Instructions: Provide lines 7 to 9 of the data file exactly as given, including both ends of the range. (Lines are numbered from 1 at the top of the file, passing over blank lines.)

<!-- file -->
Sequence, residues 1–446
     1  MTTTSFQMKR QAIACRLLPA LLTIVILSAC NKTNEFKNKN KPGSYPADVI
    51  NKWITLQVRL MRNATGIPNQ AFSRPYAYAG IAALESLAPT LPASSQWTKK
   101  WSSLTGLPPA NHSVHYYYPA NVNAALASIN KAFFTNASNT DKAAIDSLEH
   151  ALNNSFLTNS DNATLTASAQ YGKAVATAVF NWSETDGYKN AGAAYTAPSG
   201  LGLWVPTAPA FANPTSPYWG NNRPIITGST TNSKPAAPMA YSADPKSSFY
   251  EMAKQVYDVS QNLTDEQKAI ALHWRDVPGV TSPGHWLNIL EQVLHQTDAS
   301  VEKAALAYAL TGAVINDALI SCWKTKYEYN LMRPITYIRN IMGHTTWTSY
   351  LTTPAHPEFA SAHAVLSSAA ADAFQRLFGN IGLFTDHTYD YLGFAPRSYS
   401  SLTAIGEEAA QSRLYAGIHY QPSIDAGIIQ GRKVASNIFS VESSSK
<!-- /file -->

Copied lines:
   251  EMAKQVYDVS QNLTDEQKAI ALHWRDVPGV TSPGHWLNIL EQVLHQTDAS
   301  VEKAALAYAL TGAVINDALI SCWKTKYEYN LMRPITYIRN IMGHTTWTSY
   351  LTTPAHPEFA SAHAVLSSAA ADAFQRLFGN IGLFTDHTYD YLGFAPRSYS